Over Martin Luther King Day weekend Tara and I took advantage of the awesome Frontier Airlines fares between Houston and Phoenix. I’ve been meaning to knock Arizona off my list for pretty much forever, and even though we had just returned from the Christmas holidays we were ready for another vacation.
Rather than stay in Phoenix (why go from one big city to another big city?) we decided to head north to Sedona, seeking a little wilderness, peace and quiet.
A tourist town at heart, Sedona is perfect for the outdoor enthusiast, and it isn’t far from other attractions. It reminded me a little of Estes Park, Colorado, which serves as a gateway to Rocky Mountain National Park. Lucky for us, we were visiting during the off-season, so we were treated to peace and quiet on streets that are probably usually bustling with activity.
Even though it was January, we kept ourselves busy. The weather was perfect and we had plenty of options.
1) Find your focus
Sedona is big on new age mysticism. You can’t avoid it there. There are crystals and vortices and mediation centers and psychics. Ever the skeptics, Tara and I may not buy into all of it, but we do have a healthy appreciation for mindfulness and meditation. That made Sedona, while a little over the top, the perfect place to refocus.
Even our lodging was…well, unique. We decided to ditch the hotel and find local lodgings through Airbnb. We ended up at a digestive retreat, of all places. And it took some creative driving to get there.
Being January, it was the off-season for digestive health (apparently), so the owners of the retreat were renting the rooms out. Located quite literally in the middle of nowhere (dirt road and river traversing included), it was exactly what we were looking for in our escape from city life. While we were only a half hour from Sedona and civilization, the resort itself was quiet and provided us with an endless supply of tea.
How to do it: We found our accommodations through Airbnb, and it was one of many options! If you haven’t used the service before, it’s really fantastic (use my link and receive $25 off your first stay). If you’re more comfortable in a traditional hotel, don’t worry. There are plenty of ways to find your focus in Sedona. My recommendation? Get outside and into its beautiful wilderness. You won’t be disappointed.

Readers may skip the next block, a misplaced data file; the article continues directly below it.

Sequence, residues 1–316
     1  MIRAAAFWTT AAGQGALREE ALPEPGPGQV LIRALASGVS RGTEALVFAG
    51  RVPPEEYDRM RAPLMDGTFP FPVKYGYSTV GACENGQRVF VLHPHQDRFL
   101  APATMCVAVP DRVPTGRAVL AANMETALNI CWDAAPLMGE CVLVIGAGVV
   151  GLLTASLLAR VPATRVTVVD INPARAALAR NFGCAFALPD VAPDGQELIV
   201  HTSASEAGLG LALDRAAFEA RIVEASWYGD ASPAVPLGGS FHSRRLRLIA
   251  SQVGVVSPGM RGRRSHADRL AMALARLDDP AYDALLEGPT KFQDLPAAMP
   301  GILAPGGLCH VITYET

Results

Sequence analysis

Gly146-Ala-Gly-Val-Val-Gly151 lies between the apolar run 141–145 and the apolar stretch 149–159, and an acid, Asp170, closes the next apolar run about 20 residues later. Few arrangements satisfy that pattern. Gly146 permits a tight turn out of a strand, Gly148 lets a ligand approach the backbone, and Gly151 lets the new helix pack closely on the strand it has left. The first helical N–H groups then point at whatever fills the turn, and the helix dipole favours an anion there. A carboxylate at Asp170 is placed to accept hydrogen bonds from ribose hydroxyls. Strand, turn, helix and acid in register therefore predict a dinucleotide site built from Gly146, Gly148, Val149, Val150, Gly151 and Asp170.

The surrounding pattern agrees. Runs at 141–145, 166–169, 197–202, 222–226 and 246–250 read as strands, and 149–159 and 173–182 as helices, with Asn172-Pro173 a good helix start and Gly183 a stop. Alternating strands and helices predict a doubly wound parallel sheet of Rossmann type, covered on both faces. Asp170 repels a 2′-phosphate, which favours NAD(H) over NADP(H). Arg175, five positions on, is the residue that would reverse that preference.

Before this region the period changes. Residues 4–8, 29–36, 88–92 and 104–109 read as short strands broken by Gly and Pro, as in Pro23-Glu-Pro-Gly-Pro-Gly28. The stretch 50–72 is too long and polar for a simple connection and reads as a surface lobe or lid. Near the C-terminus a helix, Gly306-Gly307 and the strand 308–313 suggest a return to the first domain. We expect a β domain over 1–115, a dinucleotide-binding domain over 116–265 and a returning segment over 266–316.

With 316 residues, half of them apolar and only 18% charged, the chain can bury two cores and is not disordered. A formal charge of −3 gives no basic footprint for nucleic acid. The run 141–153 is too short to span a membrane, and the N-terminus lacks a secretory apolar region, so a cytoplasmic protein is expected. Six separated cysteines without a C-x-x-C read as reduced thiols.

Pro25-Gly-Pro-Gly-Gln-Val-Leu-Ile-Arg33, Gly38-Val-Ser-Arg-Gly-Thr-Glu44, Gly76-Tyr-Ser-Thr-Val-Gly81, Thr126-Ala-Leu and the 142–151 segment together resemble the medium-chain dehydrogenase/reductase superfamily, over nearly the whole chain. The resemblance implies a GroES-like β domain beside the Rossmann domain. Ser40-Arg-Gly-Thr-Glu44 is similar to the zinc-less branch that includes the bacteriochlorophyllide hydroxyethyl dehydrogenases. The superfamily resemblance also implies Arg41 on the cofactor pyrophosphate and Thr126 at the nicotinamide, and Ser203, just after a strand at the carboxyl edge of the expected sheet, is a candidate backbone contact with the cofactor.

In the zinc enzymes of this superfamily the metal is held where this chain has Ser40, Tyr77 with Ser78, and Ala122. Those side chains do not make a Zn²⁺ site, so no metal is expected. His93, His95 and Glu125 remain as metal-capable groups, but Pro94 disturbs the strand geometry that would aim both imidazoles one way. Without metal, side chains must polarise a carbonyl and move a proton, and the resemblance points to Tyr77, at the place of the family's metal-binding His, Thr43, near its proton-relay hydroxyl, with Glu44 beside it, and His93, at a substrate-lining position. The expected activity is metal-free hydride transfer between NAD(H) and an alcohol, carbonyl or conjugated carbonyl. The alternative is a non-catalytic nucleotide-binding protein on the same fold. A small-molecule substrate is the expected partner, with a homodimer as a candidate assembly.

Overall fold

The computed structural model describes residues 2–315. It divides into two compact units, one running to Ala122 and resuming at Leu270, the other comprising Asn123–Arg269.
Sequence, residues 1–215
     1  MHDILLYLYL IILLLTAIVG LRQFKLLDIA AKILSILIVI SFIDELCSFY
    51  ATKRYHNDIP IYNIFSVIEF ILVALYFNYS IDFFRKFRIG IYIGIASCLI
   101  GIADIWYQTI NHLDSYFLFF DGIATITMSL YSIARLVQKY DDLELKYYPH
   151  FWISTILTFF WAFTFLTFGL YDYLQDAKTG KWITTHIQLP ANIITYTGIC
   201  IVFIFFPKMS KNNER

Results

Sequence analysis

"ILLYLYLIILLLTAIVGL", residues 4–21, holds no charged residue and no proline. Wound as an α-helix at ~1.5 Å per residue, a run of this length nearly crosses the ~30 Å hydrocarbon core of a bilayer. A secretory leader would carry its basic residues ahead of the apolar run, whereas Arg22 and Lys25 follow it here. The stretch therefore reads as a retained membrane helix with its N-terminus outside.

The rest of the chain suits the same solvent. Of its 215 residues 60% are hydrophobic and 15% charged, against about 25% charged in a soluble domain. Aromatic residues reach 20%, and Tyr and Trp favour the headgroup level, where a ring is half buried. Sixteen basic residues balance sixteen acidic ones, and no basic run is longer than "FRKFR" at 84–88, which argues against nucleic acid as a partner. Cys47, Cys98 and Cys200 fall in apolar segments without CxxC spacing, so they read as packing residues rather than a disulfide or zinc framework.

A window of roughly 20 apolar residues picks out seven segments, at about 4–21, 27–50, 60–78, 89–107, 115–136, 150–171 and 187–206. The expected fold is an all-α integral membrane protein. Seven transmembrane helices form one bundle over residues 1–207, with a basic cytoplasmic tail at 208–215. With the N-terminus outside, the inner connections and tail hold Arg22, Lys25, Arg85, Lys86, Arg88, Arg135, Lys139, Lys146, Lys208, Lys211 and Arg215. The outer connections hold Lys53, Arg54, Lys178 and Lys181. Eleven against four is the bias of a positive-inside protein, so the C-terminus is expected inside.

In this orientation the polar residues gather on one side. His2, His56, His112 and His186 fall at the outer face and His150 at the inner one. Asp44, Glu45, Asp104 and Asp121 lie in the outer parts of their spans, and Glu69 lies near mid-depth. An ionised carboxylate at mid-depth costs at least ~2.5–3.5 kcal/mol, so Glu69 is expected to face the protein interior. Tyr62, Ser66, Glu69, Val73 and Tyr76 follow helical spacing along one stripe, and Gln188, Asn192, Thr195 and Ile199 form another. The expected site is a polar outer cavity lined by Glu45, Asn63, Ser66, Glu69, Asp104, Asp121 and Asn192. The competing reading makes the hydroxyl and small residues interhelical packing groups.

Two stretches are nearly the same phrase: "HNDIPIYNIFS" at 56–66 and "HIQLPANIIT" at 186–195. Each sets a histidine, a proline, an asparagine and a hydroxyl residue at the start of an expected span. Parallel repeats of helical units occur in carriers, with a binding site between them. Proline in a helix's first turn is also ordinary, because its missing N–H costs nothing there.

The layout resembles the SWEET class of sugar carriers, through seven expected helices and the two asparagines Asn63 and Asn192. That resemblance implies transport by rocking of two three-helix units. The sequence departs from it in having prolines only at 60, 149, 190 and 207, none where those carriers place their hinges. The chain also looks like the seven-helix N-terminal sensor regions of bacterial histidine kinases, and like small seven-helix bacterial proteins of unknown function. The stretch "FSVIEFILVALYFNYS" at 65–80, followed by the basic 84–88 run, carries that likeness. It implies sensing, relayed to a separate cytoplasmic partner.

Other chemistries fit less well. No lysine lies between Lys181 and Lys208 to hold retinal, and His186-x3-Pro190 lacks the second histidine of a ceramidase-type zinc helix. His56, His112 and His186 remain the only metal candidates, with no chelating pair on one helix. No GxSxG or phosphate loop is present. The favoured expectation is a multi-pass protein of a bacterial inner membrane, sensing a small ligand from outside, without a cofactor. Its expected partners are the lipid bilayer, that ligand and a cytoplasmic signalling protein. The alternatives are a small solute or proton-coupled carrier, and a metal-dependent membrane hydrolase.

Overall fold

2) Watch the sunrise at the Sedona airport
If you’re spending any amount of time in Sedona or the surrounding areas, it’s worth the early wake up call to see the sunrise. The best place to do this is from the airport. There’s a trailhead there, a small restaurant, a hotel, and a beautiful overlook. Bring your cameras, and don’t forget your jackets. It gets chilly in the mornings!
How to do it: The airport is small, and easily accessible. Located on Airport Terminal Drive, make sure you arrive there with plenty of time before sunrise. You can see the first rays peak above the mountains. Once it’s officially morning, head over to the Mesa Grill, which has an amazing breakfast selection at decent prices.
3) Ascend to new heights at Cathedral Rock
Cathedral Rock is probably one of the most iconic hikes in Sedona, Arizona. If you’ve seen pictures of Sedona, you’ve seen pictures of Cathedral Rock.
Typically, finding out that something is the tourist attraction in town makes me run the other direction. But tourists were few and far between and we had gone to Arizona to hike. We wanted to see the best that Arizona had to offer us, so Cathedral Rock it was.
The hike takes you up into the “saddle”, or the point between the two tallest rocks (which are vertical and unhikeable). From the saddle you can see the desert surrounding Sedona.
Oh, yeah. Some places are tourist attractions for a good reason.
We opted for the longer version of the hike, which was a good 3.5 miles of mostly flat terrain with a total scramble for the last .3 miles (that’s one way). The climb is hard, but the view at the top makes it worthwhile. We were lucky enough to reach the summit right around sunset. Luckily we had our head lamps with us, because we were hiking in the dark on the way back!